Ask the Question!

Ever want to ask the question and hesitate? The fear of what the answer may be can be crippling.  Your eyes are not deceiving you, your heart is not misleading you, and your perception is not blurry, yet it can be difficult to ask.  Despite suicide being the 10th leading cause of death in the US and the 2nd leading cause of death in ages 13-24, many find it difficult to talk about and harder to ask someone if suicide is on the mind.

It is time to push pass the fear holding us back from connecting with one another.  Fear is a terrible guide, that is not fear’s job, and yet we allow fear to lead us too many times.  Yes, the thought of someone you care about completing a suicide is scary and heart wrenching. And the thought of not knowing how to support or reach out leaves some frozen.  There are remnants of the thought, that if you ask someone, “Are you thinking about hurting yourself?; Are you thinking about killing yourself?”, that you would then put the thought in the person’s head.  The person may answer “yes”, “no”, or “I don’t know what to do.”  This is information showing us we need to intervene.  If someone is thinking about suicide, your question is not going to give them ideas.  If someone wasn’t thinking about suicide, this will not lead the person towards it, it can begin a conversation.

Either way the person you ask will learn you care, you are paying attention to the actions, words, and behaviors being exhibited and expressed.  We are relational people and need one another to survive, to move through life.  Asking someone about suicide does not mean you need to have all the answers and it does not mean you have to solve every problem.  It means you have noticed and care enough to ask.  You can then point the person in the direction of help.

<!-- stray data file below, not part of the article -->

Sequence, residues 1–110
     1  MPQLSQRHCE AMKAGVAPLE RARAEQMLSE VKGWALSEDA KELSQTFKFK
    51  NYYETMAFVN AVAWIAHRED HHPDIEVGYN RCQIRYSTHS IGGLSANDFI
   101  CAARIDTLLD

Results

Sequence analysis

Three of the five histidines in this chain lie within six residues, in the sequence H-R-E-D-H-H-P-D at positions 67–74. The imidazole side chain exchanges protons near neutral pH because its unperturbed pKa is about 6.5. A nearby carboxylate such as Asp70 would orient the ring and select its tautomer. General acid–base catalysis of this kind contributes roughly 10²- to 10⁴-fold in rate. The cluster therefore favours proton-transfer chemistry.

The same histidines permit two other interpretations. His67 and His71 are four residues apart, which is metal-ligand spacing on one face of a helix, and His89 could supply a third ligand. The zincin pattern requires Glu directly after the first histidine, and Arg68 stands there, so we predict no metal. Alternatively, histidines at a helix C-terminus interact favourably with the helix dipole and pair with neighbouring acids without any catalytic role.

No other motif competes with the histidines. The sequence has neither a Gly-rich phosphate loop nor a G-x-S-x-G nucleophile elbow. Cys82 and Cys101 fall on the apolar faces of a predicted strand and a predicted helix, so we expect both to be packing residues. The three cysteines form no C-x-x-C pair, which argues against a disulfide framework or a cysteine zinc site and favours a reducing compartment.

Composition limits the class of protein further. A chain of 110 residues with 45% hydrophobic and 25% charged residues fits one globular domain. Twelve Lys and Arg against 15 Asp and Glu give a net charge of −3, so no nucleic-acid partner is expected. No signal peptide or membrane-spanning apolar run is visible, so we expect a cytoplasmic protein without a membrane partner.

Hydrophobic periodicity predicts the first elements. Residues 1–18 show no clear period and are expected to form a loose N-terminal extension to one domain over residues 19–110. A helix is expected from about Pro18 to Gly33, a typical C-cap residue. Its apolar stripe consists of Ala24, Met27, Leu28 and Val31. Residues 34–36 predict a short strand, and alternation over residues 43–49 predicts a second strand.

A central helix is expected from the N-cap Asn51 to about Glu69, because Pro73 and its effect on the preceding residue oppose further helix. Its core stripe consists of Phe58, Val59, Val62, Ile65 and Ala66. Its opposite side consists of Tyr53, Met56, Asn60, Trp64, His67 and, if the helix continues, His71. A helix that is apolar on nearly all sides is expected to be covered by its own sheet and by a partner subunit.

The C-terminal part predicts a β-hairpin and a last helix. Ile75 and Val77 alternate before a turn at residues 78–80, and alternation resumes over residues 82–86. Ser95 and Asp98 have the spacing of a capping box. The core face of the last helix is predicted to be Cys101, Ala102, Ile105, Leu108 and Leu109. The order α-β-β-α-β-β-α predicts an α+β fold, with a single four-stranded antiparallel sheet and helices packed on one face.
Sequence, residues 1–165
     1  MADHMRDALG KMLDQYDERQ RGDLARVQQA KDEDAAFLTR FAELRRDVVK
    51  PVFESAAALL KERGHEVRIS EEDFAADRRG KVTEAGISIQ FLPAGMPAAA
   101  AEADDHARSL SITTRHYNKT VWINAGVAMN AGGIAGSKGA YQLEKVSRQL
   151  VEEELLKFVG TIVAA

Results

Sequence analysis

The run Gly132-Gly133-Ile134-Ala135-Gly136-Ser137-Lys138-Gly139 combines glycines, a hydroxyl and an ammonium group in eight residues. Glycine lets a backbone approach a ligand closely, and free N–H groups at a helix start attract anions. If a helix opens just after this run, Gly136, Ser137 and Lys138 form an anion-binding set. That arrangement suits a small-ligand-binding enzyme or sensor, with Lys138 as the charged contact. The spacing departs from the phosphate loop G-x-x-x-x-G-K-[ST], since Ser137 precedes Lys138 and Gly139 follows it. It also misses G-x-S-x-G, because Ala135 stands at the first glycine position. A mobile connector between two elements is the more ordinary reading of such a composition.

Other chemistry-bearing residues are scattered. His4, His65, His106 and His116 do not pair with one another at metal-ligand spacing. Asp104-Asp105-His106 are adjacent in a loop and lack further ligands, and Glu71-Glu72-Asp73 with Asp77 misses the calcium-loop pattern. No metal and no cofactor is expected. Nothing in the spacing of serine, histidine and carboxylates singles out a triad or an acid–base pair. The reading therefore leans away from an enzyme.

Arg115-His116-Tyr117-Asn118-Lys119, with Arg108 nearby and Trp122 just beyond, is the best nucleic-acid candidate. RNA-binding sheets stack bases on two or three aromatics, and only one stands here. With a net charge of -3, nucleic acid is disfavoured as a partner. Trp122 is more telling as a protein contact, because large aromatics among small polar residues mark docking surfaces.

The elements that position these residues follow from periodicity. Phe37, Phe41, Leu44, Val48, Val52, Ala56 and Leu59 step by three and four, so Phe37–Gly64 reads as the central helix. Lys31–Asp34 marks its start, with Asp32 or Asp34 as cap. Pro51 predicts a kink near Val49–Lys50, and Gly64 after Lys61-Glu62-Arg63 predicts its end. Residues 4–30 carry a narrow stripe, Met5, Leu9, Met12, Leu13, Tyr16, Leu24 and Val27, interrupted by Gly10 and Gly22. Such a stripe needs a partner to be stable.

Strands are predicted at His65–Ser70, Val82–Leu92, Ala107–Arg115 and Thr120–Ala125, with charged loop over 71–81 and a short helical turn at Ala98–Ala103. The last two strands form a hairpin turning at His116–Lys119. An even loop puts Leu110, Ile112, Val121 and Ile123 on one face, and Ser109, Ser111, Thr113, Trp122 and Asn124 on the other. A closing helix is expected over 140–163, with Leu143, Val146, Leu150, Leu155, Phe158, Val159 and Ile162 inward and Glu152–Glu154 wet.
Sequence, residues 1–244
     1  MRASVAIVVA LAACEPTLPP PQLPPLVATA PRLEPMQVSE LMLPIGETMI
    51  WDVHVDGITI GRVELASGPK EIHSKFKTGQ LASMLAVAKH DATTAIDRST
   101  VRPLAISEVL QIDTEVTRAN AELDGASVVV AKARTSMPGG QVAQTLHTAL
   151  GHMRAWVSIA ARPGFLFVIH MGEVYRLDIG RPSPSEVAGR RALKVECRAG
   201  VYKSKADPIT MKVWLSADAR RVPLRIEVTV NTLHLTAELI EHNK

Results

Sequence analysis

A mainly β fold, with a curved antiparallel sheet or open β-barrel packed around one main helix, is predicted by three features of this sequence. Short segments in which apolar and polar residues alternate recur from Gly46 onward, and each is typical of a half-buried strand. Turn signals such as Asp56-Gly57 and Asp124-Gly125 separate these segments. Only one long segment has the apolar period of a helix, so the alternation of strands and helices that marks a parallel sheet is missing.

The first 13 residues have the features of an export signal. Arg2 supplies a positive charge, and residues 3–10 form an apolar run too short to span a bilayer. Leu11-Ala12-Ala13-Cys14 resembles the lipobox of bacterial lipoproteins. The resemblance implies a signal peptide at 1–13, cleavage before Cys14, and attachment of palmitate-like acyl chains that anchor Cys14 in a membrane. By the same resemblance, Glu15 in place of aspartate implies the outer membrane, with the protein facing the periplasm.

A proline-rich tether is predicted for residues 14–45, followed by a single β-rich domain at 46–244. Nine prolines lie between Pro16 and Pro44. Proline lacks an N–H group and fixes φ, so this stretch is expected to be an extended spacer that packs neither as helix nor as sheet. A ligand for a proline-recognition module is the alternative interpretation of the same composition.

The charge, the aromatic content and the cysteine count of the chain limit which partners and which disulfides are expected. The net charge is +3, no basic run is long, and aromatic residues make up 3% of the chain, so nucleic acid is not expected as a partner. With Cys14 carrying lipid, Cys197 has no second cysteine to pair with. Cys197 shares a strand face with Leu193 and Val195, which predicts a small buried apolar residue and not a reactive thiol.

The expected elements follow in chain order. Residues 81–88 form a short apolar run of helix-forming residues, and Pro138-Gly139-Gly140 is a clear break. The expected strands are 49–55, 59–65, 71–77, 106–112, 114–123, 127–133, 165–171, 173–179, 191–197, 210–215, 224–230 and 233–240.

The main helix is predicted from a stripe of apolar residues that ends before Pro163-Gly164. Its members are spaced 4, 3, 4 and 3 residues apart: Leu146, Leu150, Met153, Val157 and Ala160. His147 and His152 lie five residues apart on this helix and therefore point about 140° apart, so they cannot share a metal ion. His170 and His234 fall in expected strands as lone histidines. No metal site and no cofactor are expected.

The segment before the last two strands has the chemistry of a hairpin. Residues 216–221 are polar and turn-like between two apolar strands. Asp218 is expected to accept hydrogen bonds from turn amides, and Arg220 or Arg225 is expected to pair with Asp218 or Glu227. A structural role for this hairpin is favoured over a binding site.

September is Suicide Awareness and Prevention Month.  It is important to understand the warning signs and risk factors that can lead to suicide.  It is also important to know how to intervene.  It is not good enough to hope your family member, friend, coworker, classmate, peer, colleague, neighbor, congregation member, or community member will get better.  If you see the warning signs or witness the risk factors it is time to intervene.

Dr. Granello eloquently shares, “Suicide is a permanent solution to a temporary problem.”  When a person is having thoughts of suicide, there is a dilemma, a circumstance, a problem that appears to have no solution or end.  Dr. E. Duran passionately expresses how suicidal ideation reflects struggles in transformation (often the transformation is unclear).  Professional counselors, therapists, and psychologists are able to provide care and support.

If you notice the person making statements about death or dying, withdrawing from family, friends, activities, community, expressions of hopelessness, aggressive behavior, mood swings, extreme sleep changes, increased alcohol or drug use, suffering job loss, impulsive or reckless behavior these are warning signs of suicide.

If you notice someone giving away possessions, collecting means to kill self, saying good-bye to those cared for, or putting things in order these are emergency signs and 9-1-1 needs to be called.

Risk factors that can increase the probability of suicide are: loss of a loved one, history of trauma or abuse, prolonged stress, loss of relationships, serious or chronic illness (mental or physical), intoxication, substance abuse, previous attempts of suicide, and family history of suicide.

When you ask the person be kind and direct.  Allow the person to express how the situation is being experienced.  Speak calmly and be patient. Acknowledge the pain.  Restrain from inserting your opinion about suicide. Remove any means of completing suicide. Inform about help.  If possible go with the person to receive help.  And always follow up with the person.

We must be more open and able to discuss suicide to save lives.


National Suicide Prevention Lifeline 800-273-8255     Veterans Crisis Line 800-273-8255      Crisis Text Line - Text HELLO to 741741, Free, 24/7, Confidential     notOK app

Speak Your Mind


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